What you didn't know about Chicken Marbella

If you have aspirations of mastering classic recipes, and you haven't done so already, you'll probably want to start working your way through Sheila Lukins' The Silver Palate Cookbook. Not only was Lukins trained at Le Cordon Bleu, but she was a trailblazing entrepreneur and a cookbook author with four titles to her name. Lukins was also a pivotal figure in the burgeoning New York culinary world of the late 1970s and 1980s. As The New York Times wrote in her 2009 obituary, Lukins awakened taste buds and "helped usher in the new American cooking of the 1980s" with her Manhattan gourmet and prepared foods shop, the Silver Palate.

According to the website Slow Burning Passion, Lukins introduced her neighborhood to exotic delights such as Moroccan chicken and gazpacho soup. But her first dish ever sold at the Silver Palate, and one that became synonymous with the Silver Palate brand, was Chicken Marbella. Despite its Spanish name (it's named for an elite Spanish resort destination), the dish became a surprising staple of Passover dinners throughout America. Why? The original recipe was large enough to serve a crowd, and it can be made ahead of time, so it's perfect for a holidays. At a deeper level, it also aligned with the Jewish culinary tradition of combining fruit and meat.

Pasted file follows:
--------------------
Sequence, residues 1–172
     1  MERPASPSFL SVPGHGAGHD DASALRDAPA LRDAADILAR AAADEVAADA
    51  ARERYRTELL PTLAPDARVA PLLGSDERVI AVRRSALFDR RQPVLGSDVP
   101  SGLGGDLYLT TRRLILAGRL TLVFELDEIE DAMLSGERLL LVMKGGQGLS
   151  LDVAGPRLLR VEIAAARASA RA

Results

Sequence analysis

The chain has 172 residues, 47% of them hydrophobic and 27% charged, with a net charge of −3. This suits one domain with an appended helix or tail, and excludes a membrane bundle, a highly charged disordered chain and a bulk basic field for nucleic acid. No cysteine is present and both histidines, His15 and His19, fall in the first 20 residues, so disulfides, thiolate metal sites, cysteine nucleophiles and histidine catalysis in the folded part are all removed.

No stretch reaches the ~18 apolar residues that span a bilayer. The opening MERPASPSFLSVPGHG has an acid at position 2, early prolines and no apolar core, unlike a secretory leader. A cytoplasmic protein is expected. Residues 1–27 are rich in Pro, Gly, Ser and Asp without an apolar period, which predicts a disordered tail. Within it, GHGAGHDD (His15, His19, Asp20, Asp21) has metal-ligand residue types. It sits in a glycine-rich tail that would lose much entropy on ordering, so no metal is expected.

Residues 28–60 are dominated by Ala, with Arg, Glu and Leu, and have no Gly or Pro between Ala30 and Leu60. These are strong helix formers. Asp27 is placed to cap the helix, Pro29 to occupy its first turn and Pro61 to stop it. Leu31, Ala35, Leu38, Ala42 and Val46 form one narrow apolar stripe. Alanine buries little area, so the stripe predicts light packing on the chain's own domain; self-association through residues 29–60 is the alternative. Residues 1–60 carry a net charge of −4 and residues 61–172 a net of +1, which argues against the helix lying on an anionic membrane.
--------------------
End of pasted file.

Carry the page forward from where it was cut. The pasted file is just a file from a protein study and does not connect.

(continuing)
Chicken Marbella has the flavors of the Mediterranean

The hallmark of the The Silver Palate Cookbook was big, sophisticated, Mediterranean flavor, and Chicken Marbella, inspired by Lukins' travels to Spain and Morocco, is no exception (via Slow Burning Passion). The recipe combines the sweetness of dried plums and brown sugar with the briny saltiness of capers and green olives and, of course, the savoriness of dark chicken meat.

Though variations on Chicken Marbella have evolved since Lukins created the original, The Silver Palate's version is actually quite easy and starts with marinating chicken pieces such as legs and thighs in a marinade of red wine vinegar, olive oil, white wine, pitted prunes, Spanish green olives, capers, garlic, brown sugar, oregano, bay leaves, and Italian parsley (via Epicurious, which provides instructions for making Lukins' classic recipe). 

Marinating the chicken for 24 hours is the key to Chicken Marbella's tenderness. The dried plums, olives, and capers give Chicken Marbella such unique flavor, not to mention beautiful color, that it has been a favorite for years, notes Epicurious, which adds that it can be served hot or at room temperature and is even good picnic fare. A Family Feast adds that the recipe can be adapted using wingettes and drumettes and served as an appetizer. In the mood for some big Mediterranean flavor? Try your hand at beautiful Chicken Marbella.